You’ll also need an audio interface device. The M-Audio MobilePre is a great all-in-one solution that comes with a basic copy of Pro Tools and a USB cable to hook it up to your computer. You can purchase one from Amazon here. Once you have a mic and interface, all you need is a microphone cable to connect everything and you’re ready to start producing professional, CD-quality music recordings.

File Conversion Software

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No matter how you record your audio, chances are you’ll eventually need to convert the audio file to another format. While most recording software has options to do this, occasionally you need to play or create a file format that isn’t supported.

Audacity is the most expansive and intuitive program for this process. Download the free program from their website, and drag and drop the file you wish to convert. You can perform minor tweaks to the file and save to a large variety of the most popular audio formats.

If you’re on a public or work computer and can’t download software, learn how to convert audio files to MP3 on the web for free here.

Audio Recording Tips

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Audio recording is both an art and a science. Recording professionals go to school for 2-4 years to learn the basics, and it takes years of practice to find the exact settings and style that work for you. Here are a few tips to get you started:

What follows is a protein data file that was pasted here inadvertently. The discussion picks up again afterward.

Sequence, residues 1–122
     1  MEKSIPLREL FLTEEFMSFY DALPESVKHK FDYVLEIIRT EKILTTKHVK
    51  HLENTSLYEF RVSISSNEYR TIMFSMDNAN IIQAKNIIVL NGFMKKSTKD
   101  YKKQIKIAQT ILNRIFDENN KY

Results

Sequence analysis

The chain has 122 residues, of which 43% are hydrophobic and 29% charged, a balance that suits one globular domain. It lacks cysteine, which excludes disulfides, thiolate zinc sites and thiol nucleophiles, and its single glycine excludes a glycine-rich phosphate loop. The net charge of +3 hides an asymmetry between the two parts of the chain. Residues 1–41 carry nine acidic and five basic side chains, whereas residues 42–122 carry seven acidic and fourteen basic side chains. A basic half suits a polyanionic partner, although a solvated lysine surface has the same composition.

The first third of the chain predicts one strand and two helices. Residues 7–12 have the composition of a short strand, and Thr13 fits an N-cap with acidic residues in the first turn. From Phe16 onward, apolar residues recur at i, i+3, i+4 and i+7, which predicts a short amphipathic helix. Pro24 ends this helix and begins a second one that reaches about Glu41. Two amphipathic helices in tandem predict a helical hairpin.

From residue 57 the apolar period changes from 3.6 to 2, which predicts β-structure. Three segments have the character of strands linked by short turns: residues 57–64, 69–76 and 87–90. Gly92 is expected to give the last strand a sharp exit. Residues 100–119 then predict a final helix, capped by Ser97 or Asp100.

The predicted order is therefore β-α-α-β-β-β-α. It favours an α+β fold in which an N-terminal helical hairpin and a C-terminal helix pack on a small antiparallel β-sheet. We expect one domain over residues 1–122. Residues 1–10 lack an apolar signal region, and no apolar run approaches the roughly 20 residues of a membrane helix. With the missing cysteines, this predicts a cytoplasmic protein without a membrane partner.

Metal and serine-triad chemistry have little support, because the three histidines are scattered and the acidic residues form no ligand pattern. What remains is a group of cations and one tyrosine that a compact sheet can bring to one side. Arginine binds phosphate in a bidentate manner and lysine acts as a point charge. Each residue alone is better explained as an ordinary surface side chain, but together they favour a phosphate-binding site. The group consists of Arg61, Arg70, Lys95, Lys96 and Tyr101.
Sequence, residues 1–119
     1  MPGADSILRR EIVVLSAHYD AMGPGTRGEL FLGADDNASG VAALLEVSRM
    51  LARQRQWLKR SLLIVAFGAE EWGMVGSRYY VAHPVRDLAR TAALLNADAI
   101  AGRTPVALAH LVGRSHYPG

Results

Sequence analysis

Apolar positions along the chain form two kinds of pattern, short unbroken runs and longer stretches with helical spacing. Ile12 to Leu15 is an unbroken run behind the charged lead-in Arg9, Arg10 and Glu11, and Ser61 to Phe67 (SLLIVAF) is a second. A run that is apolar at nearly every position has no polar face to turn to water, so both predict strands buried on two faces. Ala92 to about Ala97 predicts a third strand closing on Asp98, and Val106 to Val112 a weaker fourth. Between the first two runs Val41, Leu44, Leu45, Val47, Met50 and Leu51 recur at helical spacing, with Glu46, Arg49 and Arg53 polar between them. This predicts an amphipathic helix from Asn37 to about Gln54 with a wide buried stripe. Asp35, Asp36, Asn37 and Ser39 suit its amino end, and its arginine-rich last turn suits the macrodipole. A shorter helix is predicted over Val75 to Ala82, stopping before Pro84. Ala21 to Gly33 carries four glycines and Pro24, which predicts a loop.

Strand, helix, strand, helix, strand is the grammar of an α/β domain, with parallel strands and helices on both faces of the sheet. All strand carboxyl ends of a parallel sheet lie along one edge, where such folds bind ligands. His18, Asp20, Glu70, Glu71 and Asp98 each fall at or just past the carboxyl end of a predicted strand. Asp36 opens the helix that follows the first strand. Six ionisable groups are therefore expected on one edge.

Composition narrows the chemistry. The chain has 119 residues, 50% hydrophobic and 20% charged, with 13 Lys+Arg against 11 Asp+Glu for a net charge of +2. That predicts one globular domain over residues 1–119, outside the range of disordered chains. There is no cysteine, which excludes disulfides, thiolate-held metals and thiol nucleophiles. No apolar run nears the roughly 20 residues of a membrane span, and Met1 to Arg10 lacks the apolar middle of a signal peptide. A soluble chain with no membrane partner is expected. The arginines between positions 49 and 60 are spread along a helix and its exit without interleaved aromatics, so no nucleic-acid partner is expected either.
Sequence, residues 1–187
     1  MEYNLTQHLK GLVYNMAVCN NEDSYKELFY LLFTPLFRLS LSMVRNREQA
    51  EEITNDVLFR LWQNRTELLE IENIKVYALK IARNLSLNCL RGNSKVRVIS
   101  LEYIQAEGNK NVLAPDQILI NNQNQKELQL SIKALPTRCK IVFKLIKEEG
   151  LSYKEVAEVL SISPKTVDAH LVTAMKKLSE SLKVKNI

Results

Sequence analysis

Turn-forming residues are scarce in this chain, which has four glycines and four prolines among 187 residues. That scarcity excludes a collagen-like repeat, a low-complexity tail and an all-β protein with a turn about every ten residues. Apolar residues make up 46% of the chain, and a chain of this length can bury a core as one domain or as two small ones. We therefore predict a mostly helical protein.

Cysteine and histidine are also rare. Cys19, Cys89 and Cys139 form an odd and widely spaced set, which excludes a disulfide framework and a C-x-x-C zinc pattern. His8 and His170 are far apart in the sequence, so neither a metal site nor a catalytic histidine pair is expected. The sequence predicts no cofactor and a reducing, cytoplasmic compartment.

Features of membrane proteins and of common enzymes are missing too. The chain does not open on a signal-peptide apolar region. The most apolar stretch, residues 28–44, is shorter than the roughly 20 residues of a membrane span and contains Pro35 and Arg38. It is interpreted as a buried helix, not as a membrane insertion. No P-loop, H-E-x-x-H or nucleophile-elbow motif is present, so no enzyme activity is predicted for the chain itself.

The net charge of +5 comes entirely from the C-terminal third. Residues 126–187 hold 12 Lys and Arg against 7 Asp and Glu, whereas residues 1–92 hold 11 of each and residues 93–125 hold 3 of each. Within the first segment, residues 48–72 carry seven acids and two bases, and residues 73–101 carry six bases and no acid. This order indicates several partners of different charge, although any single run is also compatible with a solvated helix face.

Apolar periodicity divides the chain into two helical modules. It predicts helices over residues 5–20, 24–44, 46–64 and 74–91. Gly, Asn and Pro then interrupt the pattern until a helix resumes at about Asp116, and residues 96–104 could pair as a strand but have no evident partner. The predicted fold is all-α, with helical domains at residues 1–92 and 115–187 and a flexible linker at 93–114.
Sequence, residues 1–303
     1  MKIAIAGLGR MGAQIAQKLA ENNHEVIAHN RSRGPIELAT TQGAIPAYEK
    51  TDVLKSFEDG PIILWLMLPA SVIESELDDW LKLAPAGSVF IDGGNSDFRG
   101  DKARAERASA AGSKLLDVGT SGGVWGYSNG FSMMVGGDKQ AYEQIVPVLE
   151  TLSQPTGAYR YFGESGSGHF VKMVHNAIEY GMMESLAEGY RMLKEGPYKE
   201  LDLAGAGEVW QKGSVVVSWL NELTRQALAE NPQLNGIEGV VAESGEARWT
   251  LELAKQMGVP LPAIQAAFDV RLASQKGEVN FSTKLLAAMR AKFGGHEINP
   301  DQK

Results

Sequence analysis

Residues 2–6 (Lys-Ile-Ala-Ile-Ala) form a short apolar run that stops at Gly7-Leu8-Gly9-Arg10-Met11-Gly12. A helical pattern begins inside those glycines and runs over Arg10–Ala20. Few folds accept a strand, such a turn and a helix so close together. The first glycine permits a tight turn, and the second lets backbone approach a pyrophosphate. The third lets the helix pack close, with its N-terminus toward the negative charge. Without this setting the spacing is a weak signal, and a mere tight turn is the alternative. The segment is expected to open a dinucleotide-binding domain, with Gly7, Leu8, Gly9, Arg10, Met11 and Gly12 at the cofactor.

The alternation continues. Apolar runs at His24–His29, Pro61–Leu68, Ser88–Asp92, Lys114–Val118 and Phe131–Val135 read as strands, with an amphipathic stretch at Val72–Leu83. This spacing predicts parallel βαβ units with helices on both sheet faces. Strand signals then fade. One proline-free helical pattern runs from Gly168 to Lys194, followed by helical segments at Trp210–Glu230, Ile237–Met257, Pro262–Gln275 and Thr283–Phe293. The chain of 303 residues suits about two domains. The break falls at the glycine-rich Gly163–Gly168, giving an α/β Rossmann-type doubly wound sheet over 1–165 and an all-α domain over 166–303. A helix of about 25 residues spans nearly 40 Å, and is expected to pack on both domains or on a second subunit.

• Whenever possible, record each instrument with 2 microphones. This gives you 2 raw files to mix and match for the perfect sound.
  • When using multiple microphones, always ensure the distance between the microphones is 2x the distance from the closest microphone to the recording source. For example, if you’re singing into a microphone from 1 foot away, the 2nd mic needs to be 2 feet away from the 1st mic. If you don’t follow this rule, the sound recorded on each microphone will cancel each other out during playback.
  • It’s important to test the recording volume to avoid recording audio that is either too soft or too loud. As a general rule, you will not speak/play as loud during your test as you will during the actual recording, so decrease the volume by 5-10% to make up for this.
  • If you hear static during a recording, it is likely caused by the microphone being
    turned up too loud, thus cutting off the sound wave. Try turning the microphone down a little bit.
  • It’s easier to turn an audio recording down than it is to turn it up, so make sure you have the microphone turned up loud enough to obtain a quality audio recording to avoid having to redo your recording.
  • If you have any questions during the audio process, don’t be afraid to go to your local music shop and ask for assistance. Musicians are a valuable resource for information in regards to audio recording.
  • Don’t bother recording a live concert on your cell phone. Not only is it illegal, the quality won’t be anything near what you’re experiencing in person.

Know how to record, but stuck on what to record? Check out: 30 Tips to Rejuvenate Your Creativity

Featured photo credit: record player stylus on a rotating disc via Shutterstock